Avid gardeners, consider yourself warned: Your green thumb may earn a surprise knock at the door. Fear not, though - it's for a good cause.
Polly Shumaker is always on the lookout for eye-catching gardens to include in the annual South Church Garden Tour, and she and her four-member committee have rounded up six such landscapes for this year's third annual iteration, "Beyond the Garden Gate, a Tour of Special Gardens," set for June 23.
Proceeds from the event will support local Concord community organizations, particularly those associated with hunger and homelessness.
"Last year we had five, this year we have six," Shumaker said. "Sometimes we get suggestions from other people, but sometimes I'll just see one on the road and stop and bang on the door and say, 'Hey!' That's not the New England way, I know."
Whatever the method, the scavenger hunts seem to be working. This year's schedule is perhaps the most diverse yet, featuring on-site presentations for the first time on topics such as organic vegetable gardening and the benefits of owning a geothermal home.
The organic vegetable garden, owned by Beth McGuinn and Ruth Smith, is particularly interesting given that it was created essentially from scratch and now provides almost everything necessary for daily consumption.
"They literally cut the trees down and pulled them up and reconstituted the soil," Shumaker said. "They've given lectures around and talked to organic gardening groups about how to make the soil better, and we thought, gee, would you mind doing it for us? They really grow a large percentage of their food."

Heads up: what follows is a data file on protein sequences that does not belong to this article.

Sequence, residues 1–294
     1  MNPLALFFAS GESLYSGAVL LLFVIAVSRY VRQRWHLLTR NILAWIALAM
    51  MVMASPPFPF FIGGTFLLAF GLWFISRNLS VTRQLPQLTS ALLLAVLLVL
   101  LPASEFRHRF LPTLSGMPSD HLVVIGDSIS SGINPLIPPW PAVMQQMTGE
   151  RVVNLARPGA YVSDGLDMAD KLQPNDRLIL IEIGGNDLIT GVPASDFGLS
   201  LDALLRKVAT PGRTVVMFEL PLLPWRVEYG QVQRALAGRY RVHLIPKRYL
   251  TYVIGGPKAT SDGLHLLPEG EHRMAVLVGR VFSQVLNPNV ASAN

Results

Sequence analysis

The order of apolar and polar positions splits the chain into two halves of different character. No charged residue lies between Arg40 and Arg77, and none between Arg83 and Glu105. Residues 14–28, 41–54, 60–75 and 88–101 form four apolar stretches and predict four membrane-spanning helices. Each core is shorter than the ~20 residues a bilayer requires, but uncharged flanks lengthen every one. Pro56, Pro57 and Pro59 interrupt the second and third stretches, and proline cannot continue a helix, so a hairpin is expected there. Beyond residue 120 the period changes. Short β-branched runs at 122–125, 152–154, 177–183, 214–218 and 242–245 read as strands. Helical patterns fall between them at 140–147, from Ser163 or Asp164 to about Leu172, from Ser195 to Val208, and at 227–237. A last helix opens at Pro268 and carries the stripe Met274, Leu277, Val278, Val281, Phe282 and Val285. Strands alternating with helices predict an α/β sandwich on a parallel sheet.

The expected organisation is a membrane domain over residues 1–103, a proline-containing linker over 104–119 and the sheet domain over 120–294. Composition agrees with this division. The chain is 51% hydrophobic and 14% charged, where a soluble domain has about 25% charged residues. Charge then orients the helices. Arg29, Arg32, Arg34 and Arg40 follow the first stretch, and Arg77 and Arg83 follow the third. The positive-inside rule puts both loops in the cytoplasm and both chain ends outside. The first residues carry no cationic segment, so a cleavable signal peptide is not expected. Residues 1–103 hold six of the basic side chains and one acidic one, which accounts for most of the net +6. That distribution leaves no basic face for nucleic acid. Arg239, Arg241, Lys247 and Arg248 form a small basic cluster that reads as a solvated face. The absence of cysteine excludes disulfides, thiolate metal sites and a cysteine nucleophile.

Participants are invited to begin the tour at any of the six properties, with detailed maps and directions available at each stop. The tour begins at 9:30 a.m. and goes until 2 p.m., though Shumaker cautioned that the presentations will take place at the beginning of the day, so those looking to attend the workshops should start at the appropriate sites.
There will be red balloons adorning each location to aid with directions. Tickets are $15 and can be purchased by calling 224-2521 or by visiting southchurchconcord.org and visiting the garden tour link under the Upcoming Events heading (prices go up to $22 as of June 16 but can be purchased for that price on the day of the event, at South Church from 9-10:30 a.m.). Site location information is provided on each ticket, and brochures will be available at the church the morning of the event for those looking for more information.
The tour was born out of the committee's love for gardening three years ago, though it's undergone several tweaks since then. The first attempt featured nine gardens, an admittedly daunting total to chase down in one afternoon. ("We just wanted people to feel they had got their money's worth," Shumaker said.)
Last year there were five, and this year the gardens are all located semi-close geographically, in Concord, East Concord and Canterbury.
The committee tries to find new and unique gardens every year, Shumaker said, taking suggestions from the community and scouting them out on their own.
As for selecting an outlet for the proceeds, that wasn't a difficult decision.
"South Church has always been very focused on homeless issues," Shumaker said. "They have a cold weather shelter, and have a resource center that's been moved to another building owned by the church. They've always had a focus on homeless and hunger issues, and we just thought it would be great to help out with that."
Volunteers play a major role in the event, as well, visiting the sites to man tables, set up the balloons and generally keep the gardeners from having to do anything more than discuss their gardens. Lemonade, water and cookies baked by women of the church are also available.
"It's fun," Shumaker said. "The committee members are all avid gardeners, and each time we come back we say, 'This is just fun to go to.' And to raise money for something where the participants get a chance to just enjoy themselves, we thought, we should do this."